At the age of 6, I discovered a jar of brightly colored shells under my grandmother's kitchen sink. When I inquired where they had come from, she did not answer. Instead, she told me in broken English, "Ask your mother. " My mother's response to the same question was, "Oh, I made them in camp. " "Was it fun?" I asked enthusiastically. "Not really," she replied. Her answer puzzled me. The shells were beautiful, and camp, as far as I knew, was a fun place where children roasted marshmallows and sang songs around the fire. Yet my mother's reaction did not seem happy. I was perplexed by this brief exchange, but I also sensed I should not ask more questions. As time went by, "camp" remained a vague, cryptic reference to some time in the past, the past of my parents, their friends, my grand- parents, and my relatives. We never directly discussed it. It was not until high school that I began to understand the significance of the word, that camp referred to a World War II American concentration camp, not a summer camp. Much later I learned that the silence surrounding discus- sions about this traumatic period of my parents' lives was a phenomenon characteristic not only of my family but also of most other Japanese American families after the war.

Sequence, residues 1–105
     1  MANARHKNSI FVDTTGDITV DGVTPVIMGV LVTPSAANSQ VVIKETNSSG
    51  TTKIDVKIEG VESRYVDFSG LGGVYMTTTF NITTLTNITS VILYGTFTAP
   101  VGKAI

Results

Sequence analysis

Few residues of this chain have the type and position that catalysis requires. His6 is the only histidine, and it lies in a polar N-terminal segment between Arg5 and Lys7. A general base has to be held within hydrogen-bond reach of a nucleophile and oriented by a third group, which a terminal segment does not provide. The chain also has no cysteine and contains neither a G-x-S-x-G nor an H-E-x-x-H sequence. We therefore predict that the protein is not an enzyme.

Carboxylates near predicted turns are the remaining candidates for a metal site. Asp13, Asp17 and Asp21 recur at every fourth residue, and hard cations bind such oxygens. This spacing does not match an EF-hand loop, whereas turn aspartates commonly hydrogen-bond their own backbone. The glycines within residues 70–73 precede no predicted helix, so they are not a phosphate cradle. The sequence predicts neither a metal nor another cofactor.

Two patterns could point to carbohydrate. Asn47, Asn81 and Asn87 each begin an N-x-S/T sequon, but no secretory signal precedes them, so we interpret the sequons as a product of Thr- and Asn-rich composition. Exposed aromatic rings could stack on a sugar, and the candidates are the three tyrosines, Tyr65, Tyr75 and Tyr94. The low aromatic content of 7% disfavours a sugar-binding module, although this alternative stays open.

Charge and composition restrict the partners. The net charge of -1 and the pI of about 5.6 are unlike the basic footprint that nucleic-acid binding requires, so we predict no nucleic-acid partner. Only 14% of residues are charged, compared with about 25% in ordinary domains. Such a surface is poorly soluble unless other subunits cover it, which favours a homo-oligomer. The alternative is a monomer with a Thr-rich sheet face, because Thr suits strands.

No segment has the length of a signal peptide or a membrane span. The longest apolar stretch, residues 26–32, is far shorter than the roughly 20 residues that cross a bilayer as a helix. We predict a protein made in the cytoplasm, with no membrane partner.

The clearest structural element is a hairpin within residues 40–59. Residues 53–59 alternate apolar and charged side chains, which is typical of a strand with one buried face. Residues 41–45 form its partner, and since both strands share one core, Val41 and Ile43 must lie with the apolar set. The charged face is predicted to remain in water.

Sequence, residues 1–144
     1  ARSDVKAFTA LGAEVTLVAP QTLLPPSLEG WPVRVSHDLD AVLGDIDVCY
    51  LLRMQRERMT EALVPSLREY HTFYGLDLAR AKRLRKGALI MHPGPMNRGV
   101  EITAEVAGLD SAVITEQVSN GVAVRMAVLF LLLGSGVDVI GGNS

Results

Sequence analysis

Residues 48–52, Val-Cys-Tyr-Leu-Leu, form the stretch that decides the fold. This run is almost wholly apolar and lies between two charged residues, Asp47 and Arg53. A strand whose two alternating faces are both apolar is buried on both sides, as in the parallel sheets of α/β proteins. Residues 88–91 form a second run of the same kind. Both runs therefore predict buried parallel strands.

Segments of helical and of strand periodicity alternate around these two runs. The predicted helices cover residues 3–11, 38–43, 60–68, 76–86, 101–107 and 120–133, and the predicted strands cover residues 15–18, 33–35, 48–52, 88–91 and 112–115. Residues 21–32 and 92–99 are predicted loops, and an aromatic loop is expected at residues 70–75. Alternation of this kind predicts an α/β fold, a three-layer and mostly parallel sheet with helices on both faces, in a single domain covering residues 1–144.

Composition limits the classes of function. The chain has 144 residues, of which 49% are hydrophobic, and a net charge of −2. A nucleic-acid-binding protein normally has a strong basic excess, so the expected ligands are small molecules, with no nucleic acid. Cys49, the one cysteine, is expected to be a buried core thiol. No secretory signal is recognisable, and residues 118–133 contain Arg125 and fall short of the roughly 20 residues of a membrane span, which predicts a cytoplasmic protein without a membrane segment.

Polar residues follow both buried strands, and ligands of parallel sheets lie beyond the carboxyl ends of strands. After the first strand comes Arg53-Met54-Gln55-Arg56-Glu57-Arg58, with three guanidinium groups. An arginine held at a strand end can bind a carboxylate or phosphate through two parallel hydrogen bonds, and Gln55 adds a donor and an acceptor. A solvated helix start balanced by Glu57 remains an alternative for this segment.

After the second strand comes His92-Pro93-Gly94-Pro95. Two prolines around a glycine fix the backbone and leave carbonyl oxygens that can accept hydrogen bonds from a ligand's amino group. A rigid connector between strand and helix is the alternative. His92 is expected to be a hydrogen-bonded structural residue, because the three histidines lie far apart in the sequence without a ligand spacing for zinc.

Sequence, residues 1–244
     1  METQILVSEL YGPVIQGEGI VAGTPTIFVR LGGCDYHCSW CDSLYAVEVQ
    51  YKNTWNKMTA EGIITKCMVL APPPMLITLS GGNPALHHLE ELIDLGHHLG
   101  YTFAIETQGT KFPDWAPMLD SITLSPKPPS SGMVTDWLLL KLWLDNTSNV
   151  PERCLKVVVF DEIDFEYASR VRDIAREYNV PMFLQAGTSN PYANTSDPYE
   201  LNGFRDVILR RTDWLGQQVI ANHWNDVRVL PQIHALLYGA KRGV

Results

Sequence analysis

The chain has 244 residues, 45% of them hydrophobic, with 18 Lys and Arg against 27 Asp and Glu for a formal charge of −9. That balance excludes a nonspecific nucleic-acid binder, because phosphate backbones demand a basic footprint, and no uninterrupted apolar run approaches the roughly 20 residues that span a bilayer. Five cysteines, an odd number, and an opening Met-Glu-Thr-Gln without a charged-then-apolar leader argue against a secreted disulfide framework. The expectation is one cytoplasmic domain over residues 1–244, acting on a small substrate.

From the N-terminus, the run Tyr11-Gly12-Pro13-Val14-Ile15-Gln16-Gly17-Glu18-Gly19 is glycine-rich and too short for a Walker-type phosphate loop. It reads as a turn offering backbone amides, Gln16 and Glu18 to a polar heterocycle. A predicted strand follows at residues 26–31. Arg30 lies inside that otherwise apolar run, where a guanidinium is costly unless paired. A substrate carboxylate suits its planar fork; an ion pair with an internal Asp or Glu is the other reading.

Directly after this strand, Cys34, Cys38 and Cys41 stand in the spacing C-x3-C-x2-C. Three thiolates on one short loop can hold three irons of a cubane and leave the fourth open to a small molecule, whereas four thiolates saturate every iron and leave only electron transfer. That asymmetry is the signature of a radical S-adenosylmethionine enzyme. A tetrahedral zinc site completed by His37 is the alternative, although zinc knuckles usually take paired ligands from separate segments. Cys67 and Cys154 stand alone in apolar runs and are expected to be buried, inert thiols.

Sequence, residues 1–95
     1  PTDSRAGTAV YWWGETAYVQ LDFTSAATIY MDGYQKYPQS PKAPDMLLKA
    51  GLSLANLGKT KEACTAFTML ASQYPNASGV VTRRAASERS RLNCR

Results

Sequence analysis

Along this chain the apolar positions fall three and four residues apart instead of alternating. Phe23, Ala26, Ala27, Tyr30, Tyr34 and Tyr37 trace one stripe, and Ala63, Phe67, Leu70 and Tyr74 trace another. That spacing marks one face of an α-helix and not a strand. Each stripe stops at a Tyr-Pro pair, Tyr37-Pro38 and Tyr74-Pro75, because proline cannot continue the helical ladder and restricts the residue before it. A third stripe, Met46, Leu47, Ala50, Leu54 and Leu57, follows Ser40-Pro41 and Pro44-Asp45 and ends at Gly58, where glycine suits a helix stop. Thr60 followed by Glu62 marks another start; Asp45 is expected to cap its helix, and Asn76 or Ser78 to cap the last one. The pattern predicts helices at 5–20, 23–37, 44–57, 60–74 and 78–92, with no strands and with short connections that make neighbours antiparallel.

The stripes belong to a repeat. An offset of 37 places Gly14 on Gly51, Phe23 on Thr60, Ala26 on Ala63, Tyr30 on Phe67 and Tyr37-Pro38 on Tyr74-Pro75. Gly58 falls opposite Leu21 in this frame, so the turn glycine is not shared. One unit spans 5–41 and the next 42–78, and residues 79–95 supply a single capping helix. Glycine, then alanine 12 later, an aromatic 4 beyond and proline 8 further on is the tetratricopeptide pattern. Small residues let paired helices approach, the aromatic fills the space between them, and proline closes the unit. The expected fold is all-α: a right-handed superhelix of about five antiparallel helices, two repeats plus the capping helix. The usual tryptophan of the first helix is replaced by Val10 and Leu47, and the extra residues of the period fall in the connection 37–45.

Publisher: Springer-Verlag New York Inc.
Number of pages: 278
Weight: 462 g
Dimensions: 235 x 155 x 16 mm
Edition: Softcover reprint of the original 1st ed. 199